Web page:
Many individuals name a beneficiary on their life insurance policies and retirement accounts at a different time than when they draw up their will. Because of this, it’s not uncommon for a named beneficiary to be different from the terms of the will. This is what occurs when this happens in Indiana and how to avoid it.
The beneficiary gets the assets
If an individual is a named beneficiary on a policy or an account, they will get the assets no matter what the will says. This can get rather tricky during estate administration and probate as an individual may expect to get certain assets because they’re named in the will. Unfortunately, overriding beneficiary designations is very difficult.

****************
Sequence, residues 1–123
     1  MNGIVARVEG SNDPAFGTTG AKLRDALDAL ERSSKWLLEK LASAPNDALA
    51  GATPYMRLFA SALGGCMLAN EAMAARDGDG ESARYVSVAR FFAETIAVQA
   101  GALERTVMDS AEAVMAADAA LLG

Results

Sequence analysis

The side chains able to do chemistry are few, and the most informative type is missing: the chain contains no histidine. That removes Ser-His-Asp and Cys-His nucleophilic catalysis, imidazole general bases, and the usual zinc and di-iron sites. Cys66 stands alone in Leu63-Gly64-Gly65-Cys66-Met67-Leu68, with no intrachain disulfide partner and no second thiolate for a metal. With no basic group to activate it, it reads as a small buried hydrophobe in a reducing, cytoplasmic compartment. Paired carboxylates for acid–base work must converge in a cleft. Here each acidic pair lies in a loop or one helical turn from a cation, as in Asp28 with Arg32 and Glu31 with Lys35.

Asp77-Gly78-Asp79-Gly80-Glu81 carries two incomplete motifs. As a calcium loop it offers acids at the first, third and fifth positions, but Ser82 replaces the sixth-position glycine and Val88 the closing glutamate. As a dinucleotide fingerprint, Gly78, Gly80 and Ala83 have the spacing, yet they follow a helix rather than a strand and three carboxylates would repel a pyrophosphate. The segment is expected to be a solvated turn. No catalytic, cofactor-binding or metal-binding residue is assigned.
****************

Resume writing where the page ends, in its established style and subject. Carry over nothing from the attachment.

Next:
How to keep this from happening
It’s not uncommon for an individual to want to change who they leave their assets to. This is why it’s a good idea to review beneficiaries and estate plan documents on a regular basis. Many individuals choose to update their beneficiaries and will when they get married, have a child or get divorced, for example. It’s actually fairly easy to change a beneficiary in many instances. The account holder will just need to fill out a form from the company that provides the benefit.
If you haven’t reviewed your will and beneficiaries on your policies and accounts recently, now is a good time to do so. A lot of individuals do need to change their estate plan documents on occasion. An attorney may help you draw up a new will if you do need to make changes to your current one.